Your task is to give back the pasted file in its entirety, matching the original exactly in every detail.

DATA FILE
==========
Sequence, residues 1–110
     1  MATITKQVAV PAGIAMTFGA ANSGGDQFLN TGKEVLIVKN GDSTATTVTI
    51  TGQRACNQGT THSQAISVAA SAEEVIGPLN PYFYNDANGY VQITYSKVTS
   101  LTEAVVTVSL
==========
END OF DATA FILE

Sequence, residues 1–110
     1  MATITKQVAV PAGIAMTFGA ANSGGDQFLN TGKEVLIVKN GDSTATTVTI
    51  TGQRACNQGT THSQAISVAA SAEEVIGPLN PYFYNDANGY VQITYSKVTS
   101  LTEAVVTVSL